One man chased after me waving his stick because my train ticket fell out of my pocket. Another beckoned me down a shortcut into town.
The pasty saleswoman seemed to be competing with me for variety and number of ways to say thank you.
The cafe owner took me outside to show me the Three Peaks (they were hidden by the houses and a dense bank of cloud), describing the distinctive challenge of each and the wonderful views to be had (on a fine day).
I set off down the pedestrianised centre of Abergavenny, clutching my map and compass, in a thoroughly good mood, and in thoroughly the wrong direction.
Correcting my course back to what turned out to be the wrong church, I realigned my map and strode up the lane to The First Stile. Continue reading “The First Stile”
Exceptional holiday accommodation deserves – nay, demands – to be saluted in that most modern of valedictions, the online review.
Sadly, my 1,000 word review (not including photographs, diagrams, maps, illustrations and appendices) of the Abergavenny Black Sheep Backpackers Hostel exceeded Hostelbookers paltry 500 character limit, so instead I will post it here and urge you all to make your own visitation at the earliest imaginable convenience. Continue reading “Black Sheep Backpackers Hostel: A mild review”
I’m a slow traveller. I’ve taken only one return flight in the last 8 years – and that was to prove to myself that I wasn’t not flying out of pride or habit.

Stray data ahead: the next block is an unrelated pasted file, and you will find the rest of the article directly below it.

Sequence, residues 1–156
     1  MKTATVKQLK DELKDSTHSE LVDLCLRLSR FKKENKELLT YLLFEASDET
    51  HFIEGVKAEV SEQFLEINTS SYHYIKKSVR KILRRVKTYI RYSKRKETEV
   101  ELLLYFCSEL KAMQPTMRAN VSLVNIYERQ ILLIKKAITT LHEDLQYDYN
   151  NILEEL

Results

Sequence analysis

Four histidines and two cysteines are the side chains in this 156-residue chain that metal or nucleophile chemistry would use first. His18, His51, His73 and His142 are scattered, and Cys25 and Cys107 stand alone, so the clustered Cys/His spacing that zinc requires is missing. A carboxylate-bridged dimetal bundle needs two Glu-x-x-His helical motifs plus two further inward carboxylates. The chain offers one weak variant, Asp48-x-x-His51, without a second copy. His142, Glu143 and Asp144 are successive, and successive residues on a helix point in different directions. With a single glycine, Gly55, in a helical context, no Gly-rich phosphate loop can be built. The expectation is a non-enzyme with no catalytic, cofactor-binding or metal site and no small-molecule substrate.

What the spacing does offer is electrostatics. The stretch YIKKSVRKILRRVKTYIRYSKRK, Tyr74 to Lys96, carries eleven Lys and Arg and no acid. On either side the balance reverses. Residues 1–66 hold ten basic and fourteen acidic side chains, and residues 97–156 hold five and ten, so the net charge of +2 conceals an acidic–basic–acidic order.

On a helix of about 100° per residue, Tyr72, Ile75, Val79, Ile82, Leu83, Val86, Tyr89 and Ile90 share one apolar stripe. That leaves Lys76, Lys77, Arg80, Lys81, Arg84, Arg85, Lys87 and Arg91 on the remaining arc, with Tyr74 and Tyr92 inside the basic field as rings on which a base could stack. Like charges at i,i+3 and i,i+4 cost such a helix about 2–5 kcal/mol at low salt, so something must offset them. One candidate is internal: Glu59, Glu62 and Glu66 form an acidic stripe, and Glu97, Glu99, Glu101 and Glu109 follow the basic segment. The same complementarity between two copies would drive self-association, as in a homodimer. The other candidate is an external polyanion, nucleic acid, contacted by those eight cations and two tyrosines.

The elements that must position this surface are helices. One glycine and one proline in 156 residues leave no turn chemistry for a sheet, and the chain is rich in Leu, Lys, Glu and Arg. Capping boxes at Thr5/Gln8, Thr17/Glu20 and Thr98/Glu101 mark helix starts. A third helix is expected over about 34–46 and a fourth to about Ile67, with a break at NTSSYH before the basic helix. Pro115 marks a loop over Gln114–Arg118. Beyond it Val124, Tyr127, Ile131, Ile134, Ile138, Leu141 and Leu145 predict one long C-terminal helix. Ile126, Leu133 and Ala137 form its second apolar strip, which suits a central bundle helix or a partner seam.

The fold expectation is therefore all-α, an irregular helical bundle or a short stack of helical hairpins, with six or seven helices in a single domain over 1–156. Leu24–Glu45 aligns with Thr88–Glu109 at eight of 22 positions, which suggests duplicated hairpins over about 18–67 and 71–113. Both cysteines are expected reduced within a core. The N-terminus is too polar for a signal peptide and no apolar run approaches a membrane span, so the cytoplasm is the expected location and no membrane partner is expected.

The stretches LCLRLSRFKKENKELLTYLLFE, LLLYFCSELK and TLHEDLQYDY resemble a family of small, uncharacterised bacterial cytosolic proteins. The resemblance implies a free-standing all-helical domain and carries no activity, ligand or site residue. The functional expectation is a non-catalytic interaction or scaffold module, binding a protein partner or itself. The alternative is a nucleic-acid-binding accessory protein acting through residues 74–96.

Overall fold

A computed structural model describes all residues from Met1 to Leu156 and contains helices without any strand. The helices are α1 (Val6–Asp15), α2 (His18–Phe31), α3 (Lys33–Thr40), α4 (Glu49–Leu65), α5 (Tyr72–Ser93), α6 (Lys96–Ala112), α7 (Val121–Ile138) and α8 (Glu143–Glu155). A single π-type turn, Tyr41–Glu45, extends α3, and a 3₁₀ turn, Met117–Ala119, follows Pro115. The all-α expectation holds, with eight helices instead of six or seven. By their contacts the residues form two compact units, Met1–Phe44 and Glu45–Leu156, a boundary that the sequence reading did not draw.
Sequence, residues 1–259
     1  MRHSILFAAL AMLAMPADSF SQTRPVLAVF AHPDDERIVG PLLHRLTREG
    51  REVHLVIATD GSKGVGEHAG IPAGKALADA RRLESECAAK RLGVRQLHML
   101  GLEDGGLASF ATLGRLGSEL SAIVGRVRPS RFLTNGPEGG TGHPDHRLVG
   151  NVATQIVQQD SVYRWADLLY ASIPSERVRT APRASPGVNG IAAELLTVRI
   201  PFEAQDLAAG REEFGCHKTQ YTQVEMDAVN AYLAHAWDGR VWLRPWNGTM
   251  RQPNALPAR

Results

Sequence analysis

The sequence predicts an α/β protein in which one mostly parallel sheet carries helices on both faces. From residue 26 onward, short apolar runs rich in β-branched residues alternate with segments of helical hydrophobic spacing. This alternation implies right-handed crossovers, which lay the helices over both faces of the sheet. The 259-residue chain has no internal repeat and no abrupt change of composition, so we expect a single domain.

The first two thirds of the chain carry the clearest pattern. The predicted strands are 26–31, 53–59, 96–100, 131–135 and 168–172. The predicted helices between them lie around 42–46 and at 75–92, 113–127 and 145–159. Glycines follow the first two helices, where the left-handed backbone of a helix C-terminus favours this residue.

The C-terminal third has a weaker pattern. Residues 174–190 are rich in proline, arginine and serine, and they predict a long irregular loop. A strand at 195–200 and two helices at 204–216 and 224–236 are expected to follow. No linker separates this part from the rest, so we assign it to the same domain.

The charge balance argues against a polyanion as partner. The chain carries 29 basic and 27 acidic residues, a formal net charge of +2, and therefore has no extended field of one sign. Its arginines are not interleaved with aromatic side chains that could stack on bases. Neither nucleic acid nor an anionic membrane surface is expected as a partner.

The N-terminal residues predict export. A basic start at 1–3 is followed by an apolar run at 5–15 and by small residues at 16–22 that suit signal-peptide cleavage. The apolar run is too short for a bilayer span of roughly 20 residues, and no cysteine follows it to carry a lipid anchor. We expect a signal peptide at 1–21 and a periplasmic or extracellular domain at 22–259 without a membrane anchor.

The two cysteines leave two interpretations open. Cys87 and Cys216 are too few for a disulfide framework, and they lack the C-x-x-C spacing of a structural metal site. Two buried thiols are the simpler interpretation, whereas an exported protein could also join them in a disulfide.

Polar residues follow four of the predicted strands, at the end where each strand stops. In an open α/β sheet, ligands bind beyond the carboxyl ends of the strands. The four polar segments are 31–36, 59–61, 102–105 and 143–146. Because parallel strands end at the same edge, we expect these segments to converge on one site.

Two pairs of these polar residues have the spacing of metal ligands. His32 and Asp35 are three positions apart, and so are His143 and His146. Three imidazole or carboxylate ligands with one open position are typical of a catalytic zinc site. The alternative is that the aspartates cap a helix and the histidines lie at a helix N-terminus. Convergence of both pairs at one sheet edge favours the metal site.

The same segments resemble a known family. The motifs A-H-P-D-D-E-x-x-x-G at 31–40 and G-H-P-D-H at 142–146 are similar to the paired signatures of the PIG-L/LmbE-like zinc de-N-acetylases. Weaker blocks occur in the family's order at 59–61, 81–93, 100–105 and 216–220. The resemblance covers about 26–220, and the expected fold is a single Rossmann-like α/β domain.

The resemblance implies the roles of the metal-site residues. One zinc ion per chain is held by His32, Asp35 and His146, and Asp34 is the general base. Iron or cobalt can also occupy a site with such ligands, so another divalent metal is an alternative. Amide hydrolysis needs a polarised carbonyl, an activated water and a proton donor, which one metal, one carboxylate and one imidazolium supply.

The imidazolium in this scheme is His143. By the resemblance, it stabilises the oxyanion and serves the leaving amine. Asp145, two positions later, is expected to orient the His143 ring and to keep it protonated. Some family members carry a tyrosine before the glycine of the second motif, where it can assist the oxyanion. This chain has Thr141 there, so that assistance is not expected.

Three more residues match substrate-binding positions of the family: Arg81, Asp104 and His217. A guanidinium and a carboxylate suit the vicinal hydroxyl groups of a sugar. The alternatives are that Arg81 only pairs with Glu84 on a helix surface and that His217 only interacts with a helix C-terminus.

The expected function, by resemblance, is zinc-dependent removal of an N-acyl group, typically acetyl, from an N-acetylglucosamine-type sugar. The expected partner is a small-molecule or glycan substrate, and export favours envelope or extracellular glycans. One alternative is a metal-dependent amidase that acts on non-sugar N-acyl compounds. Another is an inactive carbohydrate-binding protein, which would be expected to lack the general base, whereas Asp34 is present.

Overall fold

So while the other Thighs of Steel cyclists packed up their bikes and drove out to Sofia airport for a three-hour flight home, I cycled down to the bus station for the first leg in a journey that took three days.
Sounds slow, right? Continue reading “Why I travel slow, or “Delays? Really?””
Our guide and translator was a Syrian engineer I’ll call Abu Falafel. The first time I met him was at the house he’d been allocated by the ministry on the outer ring of Thessaloniki. It was on the ground floor of a unspectacular apartment building and he shared it with his youngest son, who is deaf.
Abu Falafel started, as all Syrians do, by ignoring our protestations that a second lunch would be unnecessary. He’d gone to so much trouble already, prepping ingredients, that we gladly acquiesced.
And so began the theatre of falafel that would give him his name. Continue reading “Abu Falafel”
If ever you feel that life isn’t quite lining up, or that your blood isn’t quite circulating as it should, or that you haven’t seen or smelt or heard anything different in a while, take a trip out of your front door and ask strangers how you can help.
That’s what I’ve been doing this past week. Continue reading “How travel works on the mind”